New England Air Museum
Carl H. Lenz
 
Carl Lenz on Tinian, July, 1945
Carl Lenz on Tinian, July, 1945
 
 
Recent Address:   14 Center, Box 1311, Chautauqua, NY 14722
 
Email:   This e-mail address is being protected from spambots. You need JavaScript enabled to view it.
 
Family Information:   Parents: Carl and Mabel; Wife: Ann; Children: Linda, Lisa, Lucie
 
Hometown:   Pittsburgh, PA
 
Date Entered Service:   May 5 1944
 
Service Number:   13187652
 
Bomb Group:   444th
 
Squadron:   678th
 
Location of Unit:   West Field, Tinian - June 1 1945
 
Missions Flown:   13
 
Hump Missions Flown:    
 
Targets:   Kure, Takamatsu, Chiba, Sendai, Utsonomiya, Namazu, Fukui, Osaka, Tsu, Hachiogi, Yawata, Nagoya, Tokyo area
 
Awards/Decorations:   Air Medal with Oak Leaf Cluster, Asiatic-Pacific Campaign Medal with 2 Battle Stars, American Theater Medal, WWII Victory Medal, Good Conduct Medal, Aerial Gunner Wings
 
Service Schools Attended:   Gunnery School-Buckingham, FL Aug-Dec 1944; Gunnery Instructor-Laredo, TX Dec 1944-Jan 1945;
 
Military Specialty(ies):   MOS 611-Aerial Gunner, MOS 2554-Aerial Gunnery Instructor
 
Rank Upon Discharge:   Sergeant
 
Crew Type:   Flight crew
 
Airplane Serial No.& Name:   42-24899 Agitator II, 42-6215 Deacon's Disciples, Island Princess, Journey For Margaret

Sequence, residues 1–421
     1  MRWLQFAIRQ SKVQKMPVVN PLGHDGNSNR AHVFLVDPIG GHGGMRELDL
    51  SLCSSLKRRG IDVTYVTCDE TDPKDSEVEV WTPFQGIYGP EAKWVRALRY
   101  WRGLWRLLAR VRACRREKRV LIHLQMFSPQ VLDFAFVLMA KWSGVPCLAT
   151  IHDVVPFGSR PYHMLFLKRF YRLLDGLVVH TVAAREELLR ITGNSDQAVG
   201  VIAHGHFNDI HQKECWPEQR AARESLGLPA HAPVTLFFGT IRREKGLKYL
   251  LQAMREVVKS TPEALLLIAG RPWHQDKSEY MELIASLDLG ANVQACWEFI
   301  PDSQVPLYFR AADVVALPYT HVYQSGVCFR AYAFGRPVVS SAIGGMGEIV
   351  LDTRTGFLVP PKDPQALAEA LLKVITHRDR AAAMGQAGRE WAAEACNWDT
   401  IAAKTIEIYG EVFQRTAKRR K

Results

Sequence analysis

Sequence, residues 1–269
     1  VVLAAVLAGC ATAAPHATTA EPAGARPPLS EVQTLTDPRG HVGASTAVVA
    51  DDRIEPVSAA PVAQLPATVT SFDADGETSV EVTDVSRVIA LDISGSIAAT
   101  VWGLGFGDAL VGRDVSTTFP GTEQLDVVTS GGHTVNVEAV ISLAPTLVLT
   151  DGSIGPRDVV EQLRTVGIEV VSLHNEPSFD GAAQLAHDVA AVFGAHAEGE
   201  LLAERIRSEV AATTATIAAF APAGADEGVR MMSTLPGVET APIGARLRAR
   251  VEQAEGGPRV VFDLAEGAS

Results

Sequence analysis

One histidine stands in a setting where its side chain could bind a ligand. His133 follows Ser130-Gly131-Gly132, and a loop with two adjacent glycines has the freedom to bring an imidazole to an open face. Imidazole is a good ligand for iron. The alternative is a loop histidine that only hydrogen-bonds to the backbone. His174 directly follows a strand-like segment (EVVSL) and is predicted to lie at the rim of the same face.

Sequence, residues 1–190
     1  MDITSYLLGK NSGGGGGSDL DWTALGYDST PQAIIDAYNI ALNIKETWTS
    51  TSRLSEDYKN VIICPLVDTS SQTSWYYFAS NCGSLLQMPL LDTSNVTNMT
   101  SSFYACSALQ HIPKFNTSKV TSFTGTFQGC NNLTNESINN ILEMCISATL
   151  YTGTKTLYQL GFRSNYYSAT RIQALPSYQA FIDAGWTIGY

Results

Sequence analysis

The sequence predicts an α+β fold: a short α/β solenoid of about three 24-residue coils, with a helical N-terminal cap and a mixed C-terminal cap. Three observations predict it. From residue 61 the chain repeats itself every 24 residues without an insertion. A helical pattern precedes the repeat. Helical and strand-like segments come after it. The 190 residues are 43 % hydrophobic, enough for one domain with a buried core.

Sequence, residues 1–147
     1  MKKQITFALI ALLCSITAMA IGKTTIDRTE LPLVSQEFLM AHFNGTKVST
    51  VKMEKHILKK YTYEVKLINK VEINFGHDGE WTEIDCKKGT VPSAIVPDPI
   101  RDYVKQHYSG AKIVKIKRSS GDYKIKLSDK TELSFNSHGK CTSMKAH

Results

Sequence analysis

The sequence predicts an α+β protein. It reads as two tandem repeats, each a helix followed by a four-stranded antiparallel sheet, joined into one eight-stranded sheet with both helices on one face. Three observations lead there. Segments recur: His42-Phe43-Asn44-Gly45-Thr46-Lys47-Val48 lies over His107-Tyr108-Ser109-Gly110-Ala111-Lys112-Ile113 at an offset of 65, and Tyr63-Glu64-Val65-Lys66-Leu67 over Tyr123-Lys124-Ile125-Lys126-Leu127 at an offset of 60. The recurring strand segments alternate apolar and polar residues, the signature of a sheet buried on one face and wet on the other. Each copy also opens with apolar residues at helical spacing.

Were you a POW?   No
 
Were you interned?   No
 
Date Transferred from the 58th:   October 31, 1945
 
Date Discharged from the 58th:   June 6, 1946
 
Post-WWII Military Service:
Castle Field, Merced, CA, 1/1946 to 4/30/46; Davis Monthan Field, Tucson, AZ, 43rd Bomb Grp., Apr-Jun 1946
 
Post-WWII Civilian Occupation(s):
Presbyterian Minister, 1953 to present (retired)
 
Thoughts on the 58th Bomb Wing:
About two years following the end of WWII I began to realize that I had taken part in one of the great events in world history. Toward the end of the 20th century the war proved to be the greatest event of the century. Though victory over the Axis powers was ours, it remained that the toll of victory was horrendous to the participating nations, not only to the enemy, but ours as well. I shall never forget the sight of burning cities as we passed over them with our bombs falling on the conflagrations. At the time I wondered how the fires would ever be extinguished. I also gave some thought that there were innocent victims. It was another year or so later when I read the statistics relating to Japanese civilian casualties resulting from fire bombing alone. The numbers were appalling, raising many questions in my mind about the madness of warfare that was once limited to armies, but in WWII and later extended to civilian populations. I am proud to have served my country with the 58th Bomb Wing, but that service left me with questions that still beg for answers.
 
Comments:

 

 

Carl Lenz - 2002
Carl Lenz - 2002
 

 


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